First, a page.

Human beings have always loved the warmth. There’s a good reason for that. In a temperate environment, we need less food to maintain our body heat. And it’s generally nice to be in a warm environment. Let’s explore what our body experiences in the sauna and how it affects how we feel when we leave the steam room.
We have always sought warmth to feel good
Northern people often travel south to escape our cold and gloomy winter or heat up a sauna. In either case, we seek warmth to feel good. However, the heat experienced in the sauna is unusually high.
All animals, including us humans, have evolved in a relatively small temperature range. Sauna temperatures (70–100 °C) are, of course, higher than anything we experience in nature, and because of this, our bodies cannot tolerate such heat for long. While in a sauna, the human body experiences all kinds of changes meant to keep the heat at bay.
A sauna triggers a fight-or-flight response in our bodies
Imagine being faced with a wild tiger. Your pulse goes up, and your palms start to sweat. This is your body preparing to fight or flee the danger. It may seem an odd comparison but taking a sauna bath similarly affects our physique.
Our body interprets the high temperatures of the steam room as a danger and automatically prepares to deal with it. The fight-or-flight reaction kicks in. No one is forcing us to go to the sauna, of course, so it is not quite the same as facing a tiger in the wild. Yet our body reacts much the same way. These changes affect our health and well-being during and after the sauna.
In the sauna, the heart beats like an athlete’s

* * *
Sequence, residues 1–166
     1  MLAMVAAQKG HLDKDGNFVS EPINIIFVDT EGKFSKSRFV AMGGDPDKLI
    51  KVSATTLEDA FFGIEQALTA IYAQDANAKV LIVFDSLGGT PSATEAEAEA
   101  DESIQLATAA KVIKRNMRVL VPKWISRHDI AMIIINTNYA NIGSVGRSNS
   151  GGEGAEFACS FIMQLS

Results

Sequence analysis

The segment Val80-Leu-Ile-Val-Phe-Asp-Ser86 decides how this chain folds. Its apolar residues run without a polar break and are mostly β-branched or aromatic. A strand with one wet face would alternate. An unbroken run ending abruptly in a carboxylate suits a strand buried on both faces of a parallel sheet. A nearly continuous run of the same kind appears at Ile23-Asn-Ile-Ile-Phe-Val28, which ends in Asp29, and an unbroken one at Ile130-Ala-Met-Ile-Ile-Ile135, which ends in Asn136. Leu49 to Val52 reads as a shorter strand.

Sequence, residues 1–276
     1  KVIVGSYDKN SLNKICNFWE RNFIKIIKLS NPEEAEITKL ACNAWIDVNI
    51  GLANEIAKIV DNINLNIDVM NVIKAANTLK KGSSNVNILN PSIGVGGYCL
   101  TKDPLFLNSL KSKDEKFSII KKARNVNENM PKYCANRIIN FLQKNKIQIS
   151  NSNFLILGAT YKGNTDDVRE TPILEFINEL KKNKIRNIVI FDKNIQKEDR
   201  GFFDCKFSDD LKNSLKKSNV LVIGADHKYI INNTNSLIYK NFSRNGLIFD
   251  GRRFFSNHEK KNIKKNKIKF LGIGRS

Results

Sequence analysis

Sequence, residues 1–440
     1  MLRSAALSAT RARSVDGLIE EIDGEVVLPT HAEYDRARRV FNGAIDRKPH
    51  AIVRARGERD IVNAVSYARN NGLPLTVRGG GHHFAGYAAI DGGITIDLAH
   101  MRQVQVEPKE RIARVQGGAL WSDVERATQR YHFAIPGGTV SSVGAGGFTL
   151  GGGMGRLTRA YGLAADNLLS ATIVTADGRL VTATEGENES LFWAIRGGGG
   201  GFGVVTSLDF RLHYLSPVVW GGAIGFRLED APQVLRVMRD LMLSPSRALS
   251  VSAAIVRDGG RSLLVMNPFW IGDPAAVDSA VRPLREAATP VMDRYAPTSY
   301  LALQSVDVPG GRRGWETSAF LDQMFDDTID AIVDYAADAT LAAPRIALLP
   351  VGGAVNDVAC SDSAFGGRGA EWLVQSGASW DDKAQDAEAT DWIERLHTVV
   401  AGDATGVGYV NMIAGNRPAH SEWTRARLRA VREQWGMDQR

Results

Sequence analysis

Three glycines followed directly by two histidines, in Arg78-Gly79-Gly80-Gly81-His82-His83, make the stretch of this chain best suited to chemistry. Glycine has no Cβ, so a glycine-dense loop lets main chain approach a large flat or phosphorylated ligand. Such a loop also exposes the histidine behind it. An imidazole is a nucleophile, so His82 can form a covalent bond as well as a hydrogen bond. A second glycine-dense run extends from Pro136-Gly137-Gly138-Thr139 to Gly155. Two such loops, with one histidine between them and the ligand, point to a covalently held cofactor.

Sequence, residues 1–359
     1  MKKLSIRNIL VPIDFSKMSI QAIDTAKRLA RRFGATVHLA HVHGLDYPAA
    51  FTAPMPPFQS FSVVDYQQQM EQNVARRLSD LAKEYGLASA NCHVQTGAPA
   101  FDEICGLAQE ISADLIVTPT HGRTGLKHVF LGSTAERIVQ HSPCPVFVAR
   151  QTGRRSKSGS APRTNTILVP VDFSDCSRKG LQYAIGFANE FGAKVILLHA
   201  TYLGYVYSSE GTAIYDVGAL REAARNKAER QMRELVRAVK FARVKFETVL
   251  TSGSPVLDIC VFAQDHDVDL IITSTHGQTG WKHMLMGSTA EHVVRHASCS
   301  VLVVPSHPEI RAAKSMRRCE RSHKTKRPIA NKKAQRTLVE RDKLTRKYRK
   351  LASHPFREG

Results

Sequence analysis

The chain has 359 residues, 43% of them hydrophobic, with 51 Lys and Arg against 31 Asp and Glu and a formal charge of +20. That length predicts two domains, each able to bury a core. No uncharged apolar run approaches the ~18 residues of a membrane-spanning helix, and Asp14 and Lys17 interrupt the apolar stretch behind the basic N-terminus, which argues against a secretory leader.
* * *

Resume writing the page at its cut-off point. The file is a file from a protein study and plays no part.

Although we sit still in one place in the sauna, our heart reacts as if we were physically active.
This is because blood vessels dilate in a hot environment, and the heart needs to work hard to maintain normal blood pressure. The heart rate reaches 120 beats per minute, sometimes even 150 beats per minute, as if we were doing sports. These figures typically fall between 60–80 beats per minute in a relaxed state.
Skin temperature as high as 41 °C (105.8 °F)
Perspiration takes time. You do not start to sweat the second you enter the steam room. Why so?
Well, even though your skin temperature will start to rise immediately and eventually reach 41 °C (105.8 °F), our body feels the need to cool itself only once the core body temperature has reached a rough 37 °C (98.6 °F). We may sit in the steam room for quite a while before that happens.
Soon enough, though, 70% of our body is wet from sweat. Our core body temperature will rise 1 °C per minute, reaching as high as 39–40 °C (104 °F). Due to this sharp rise in our core body temperature, we may sweat one and a half litres of water per hour.
Cognitive and motor skills in the sauna
Entering the steam room late at night, we feel already quite tired from all the hassle and bustle of the day’s activities. Sauna adds to this exhaustion and pressures our cognitive and motor skills. Our brain does not have enough resources to deal with the heat and solve complicated mental tasks simultaneously. It is inevitably programmed to focus all its energy on saving itself from the effects of high temperatures.